A pretty office and half-decent salary are no longer enough to successfully retain staff. Packages including gym membership, health insurance and fully-paid maternity leave are what employees want, says Claire Veares.

These days companies cannot rely on staff being happy to stay with the same employer for all of their working lives, biding their time waiting for a clock and a handshake.

Companies have to compete to attract and keep the best staff and the canniest employers have realised that offering that little bit extra makes them stand out from the crowd.

The Sunday Times carried out a survey to find the top 50 UK companies to work for. It found that the companies on its short list were doing a range of things for the benefit of their staff. Staff at Cisco, for instance, appreciated being treated maturely and being able to make their own decisions. Those at the Cooperative Bank believed in the company's ethical investment principles.

Making an impression
The top 50 companies are obviously doing something right. More than 90% of staff called their company a friendly place to work, 85% said they could do their work without someone looking over their shoulder all the time and 79% were happy with the amount of training they received.

Of insurance companies, two direct insurers made it into the top 50. These were Bromley-based Churchill, coming in at number 19, and Admiral from Cardiff, at number 32.

Churchill was said to have been very good at inspiring staff loyalty, with 25 of the company's original 88 staff still with the company after 12 years. Other points it won credit for included the staff bonus scheme, non-contributory pension scheme and the opportunities for swift promotion.

Admiral was praised for its emphasis on staff having a good time. It has a Ministry of Fun, staffed by volunteers, that organises events such as blind-date competitions.

What the best companies were found to offer were "unique benefits that go beyond statutory requirements offering opportunities to learn new skills and flexible schedules to help staff balance work and family lives".

Paternity leave is a hot topic at the moment with two weeks paid leave to be introduced by the government from April 2003. Insurers seem ahead of the legislation: Churchill, for instance, offers a week's paid leave to new fathers, as does health insurer Bupa. And for new mothers, many insurers go beyond the statutory level of 90% of pay for the first six weeks of maternity leave and give full pay.

Some companies have also realised that it pays to give staff inducements to return to work after having a baby. Bupa offers a returner's bonus of three months' pay to staff with two years' service once they have been back at work for six months. Admiral also rewards returners with a bonus.

And looking after the baby is also often taken care of, with companies offering corporate rates for nurseries, child vouchers and back-up services such as emergency childminding.

Juggling family and career is also considered, with companies offering flexible working patterns such as variable shifts and flexitime.

Unpaid leave for longer holidays is also commonly available. Churchill, for example, offers up to three months' leave for staff that have been with the company for a year. And many companies offer career breaks, giving staff time for their families, study or travel.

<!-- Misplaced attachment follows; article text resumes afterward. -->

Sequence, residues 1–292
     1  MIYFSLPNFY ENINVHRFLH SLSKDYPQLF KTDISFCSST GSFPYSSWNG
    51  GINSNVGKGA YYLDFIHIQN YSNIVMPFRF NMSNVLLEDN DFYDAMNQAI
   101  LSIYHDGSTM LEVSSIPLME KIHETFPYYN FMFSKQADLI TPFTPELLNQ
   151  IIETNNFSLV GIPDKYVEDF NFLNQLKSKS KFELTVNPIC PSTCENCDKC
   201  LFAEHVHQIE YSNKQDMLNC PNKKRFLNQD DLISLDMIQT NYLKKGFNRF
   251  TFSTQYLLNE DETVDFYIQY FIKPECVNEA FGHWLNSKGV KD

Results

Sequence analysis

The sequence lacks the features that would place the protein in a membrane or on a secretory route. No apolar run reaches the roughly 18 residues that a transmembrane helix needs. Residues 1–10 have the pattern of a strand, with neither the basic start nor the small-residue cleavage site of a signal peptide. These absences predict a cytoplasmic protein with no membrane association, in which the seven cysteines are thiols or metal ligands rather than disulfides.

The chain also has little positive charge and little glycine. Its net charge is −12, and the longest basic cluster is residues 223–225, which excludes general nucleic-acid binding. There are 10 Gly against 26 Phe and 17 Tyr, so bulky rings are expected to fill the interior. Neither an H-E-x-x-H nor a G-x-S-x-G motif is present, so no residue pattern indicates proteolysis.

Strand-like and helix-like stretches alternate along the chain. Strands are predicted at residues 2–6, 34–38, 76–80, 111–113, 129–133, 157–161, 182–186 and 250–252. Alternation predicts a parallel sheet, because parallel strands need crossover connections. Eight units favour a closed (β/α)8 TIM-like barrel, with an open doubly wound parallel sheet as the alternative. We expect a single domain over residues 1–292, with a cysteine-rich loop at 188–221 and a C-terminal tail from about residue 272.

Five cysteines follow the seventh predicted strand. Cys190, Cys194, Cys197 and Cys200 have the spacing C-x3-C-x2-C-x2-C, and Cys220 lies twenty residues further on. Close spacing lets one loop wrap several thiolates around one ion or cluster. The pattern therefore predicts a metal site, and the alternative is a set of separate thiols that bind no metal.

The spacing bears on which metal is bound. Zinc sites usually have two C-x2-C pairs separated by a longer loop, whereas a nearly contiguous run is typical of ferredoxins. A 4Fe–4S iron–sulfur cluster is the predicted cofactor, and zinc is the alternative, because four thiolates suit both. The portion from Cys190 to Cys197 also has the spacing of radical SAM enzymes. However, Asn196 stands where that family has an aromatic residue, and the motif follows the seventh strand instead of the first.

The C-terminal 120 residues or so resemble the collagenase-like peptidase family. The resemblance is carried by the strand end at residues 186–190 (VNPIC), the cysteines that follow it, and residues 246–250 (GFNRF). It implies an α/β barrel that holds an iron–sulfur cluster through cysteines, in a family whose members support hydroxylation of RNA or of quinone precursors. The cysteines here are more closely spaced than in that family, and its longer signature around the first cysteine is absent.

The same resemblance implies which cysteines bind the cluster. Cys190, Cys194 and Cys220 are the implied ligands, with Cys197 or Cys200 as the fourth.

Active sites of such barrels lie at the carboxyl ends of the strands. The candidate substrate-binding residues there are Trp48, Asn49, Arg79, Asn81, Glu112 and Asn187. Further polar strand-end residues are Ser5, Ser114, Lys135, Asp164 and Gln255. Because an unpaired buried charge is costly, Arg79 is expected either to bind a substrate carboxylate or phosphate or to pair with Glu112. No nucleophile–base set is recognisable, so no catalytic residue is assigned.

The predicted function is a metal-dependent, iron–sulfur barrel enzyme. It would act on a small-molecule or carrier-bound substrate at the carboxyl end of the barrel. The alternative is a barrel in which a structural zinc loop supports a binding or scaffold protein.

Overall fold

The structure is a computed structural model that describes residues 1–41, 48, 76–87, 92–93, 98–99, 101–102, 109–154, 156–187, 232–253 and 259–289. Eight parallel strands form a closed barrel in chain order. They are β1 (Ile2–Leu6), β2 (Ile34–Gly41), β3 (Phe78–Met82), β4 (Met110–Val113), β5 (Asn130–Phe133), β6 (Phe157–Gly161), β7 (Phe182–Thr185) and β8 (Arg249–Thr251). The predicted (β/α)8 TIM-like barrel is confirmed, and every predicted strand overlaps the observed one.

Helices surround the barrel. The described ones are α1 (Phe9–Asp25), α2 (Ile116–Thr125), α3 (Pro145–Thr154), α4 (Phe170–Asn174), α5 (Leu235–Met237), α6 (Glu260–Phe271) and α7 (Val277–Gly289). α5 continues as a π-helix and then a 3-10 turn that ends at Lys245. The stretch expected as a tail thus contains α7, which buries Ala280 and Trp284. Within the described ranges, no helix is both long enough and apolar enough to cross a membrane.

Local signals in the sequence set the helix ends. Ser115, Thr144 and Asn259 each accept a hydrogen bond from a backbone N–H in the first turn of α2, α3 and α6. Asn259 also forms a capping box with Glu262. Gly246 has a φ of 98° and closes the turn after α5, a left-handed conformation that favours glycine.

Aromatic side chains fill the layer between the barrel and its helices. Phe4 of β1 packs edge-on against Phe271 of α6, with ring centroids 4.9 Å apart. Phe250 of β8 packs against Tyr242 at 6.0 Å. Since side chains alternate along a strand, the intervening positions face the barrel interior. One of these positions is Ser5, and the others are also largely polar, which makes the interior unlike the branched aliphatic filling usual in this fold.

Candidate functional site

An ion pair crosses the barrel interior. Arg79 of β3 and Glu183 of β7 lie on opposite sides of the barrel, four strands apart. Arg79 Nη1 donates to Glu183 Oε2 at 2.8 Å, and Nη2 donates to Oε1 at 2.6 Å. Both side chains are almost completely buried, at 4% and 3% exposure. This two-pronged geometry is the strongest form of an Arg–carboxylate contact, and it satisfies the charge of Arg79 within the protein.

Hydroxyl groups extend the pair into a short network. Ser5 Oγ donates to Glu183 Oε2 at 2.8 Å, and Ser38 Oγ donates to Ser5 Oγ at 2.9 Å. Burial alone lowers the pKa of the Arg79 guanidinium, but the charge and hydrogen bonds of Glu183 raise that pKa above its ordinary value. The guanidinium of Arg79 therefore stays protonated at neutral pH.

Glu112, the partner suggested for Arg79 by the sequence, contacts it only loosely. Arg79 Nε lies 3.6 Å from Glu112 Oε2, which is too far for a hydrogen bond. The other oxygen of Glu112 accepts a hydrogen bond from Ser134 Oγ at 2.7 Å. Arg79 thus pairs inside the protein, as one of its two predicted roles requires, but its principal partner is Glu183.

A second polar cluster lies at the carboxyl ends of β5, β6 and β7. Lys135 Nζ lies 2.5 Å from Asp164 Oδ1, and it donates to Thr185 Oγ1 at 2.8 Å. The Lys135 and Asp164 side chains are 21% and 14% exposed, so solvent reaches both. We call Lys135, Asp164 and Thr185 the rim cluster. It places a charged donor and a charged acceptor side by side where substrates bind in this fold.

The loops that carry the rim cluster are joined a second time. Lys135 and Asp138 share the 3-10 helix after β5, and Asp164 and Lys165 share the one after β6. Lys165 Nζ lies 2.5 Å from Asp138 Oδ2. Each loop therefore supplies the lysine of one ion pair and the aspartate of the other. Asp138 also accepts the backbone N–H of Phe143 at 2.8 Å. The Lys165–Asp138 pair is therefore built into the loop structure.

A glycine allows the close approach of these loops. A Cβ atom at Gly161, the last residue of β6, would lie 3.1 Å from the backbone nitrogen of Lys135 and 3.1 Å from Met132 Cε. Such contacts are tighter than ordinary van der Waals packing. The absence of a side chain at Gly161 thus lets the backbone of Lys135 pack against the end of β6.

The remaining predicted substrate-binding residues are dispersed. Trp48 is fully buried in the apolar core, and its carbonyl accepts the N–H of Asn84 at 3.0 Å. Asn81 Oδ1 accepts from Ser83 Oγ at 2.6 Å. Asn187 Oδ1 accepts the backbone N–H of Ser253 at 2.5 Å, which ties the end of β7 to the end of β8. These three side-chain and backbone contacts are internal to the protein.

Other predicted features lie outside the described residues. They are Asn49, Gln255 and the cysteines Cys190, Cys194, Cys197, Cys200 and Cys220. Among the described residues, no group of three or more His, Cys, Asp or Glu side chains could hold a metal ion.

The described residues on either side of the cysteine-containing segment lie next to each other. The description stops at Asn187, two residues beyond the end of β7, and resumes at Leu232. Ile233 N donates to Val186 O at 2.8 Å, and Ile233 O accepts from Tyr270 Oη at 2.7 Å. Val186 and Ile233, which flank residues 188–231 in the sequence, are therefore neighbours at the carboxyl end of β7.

Perks for all
But an emphasis on balancing family commitments with work does not win favour with all employees. A study published in Management Today last year of 2,000 managers found that childless professionals were beginning to resent the "perks" offered to those with children. Non-parents believed they were missing out on extras and resented having to cover for absent colleagues.

An answer to this is to offer staff flexible benefits, allowing employees to find a balance of benefits that suits them. Older employees, for instance, can choose better pension contributions rather than parental leave.

Insurance companies have caught on to the attraction of these schemes. At Zurich Financial Services, options such as health screening and dental care are available. Staff get to change the mix of the benefits annually. Benefits commonly offered by insurance companies include health insurance, life insurance, gym membership and discounts on insurance products.

While individual benefits may themselves make a job appealing, most people now work out the total sum of benefits when evaluating and comparing job offers.

Peter Farmer, director of Crawley-based recruitment consultants Searchlight Solutions says: "People are increasingly calculating the value of benefits so they can compare different packages. Generally, it is the overall package value that is the key rather than how the package is made up."

What's on offer
Recruitment consultants Insurance Personnel Selection produced a breakdown of the benefit packages offered to its job candidates:

  • around 80% of companies offer pension schemes, a quarter of them non-contributory
  • 90% of companies that provide non-essential company cars offer employees an alternative car allowance - typically 8% above monthly lease prices
  • more than half of companies offer private health insurance with half of those including spouse/ partner in the package
  • mortgage subsidies, which are typically charged at the difference between building society rates and 5% on the first £50,000 of the loan, are being phased out
  • death in service payments are offered by the majority of companies, typically at four times the annual salary for employees aged 21 and over
  • bonus/profit share is making up a larger percentage of the total package than before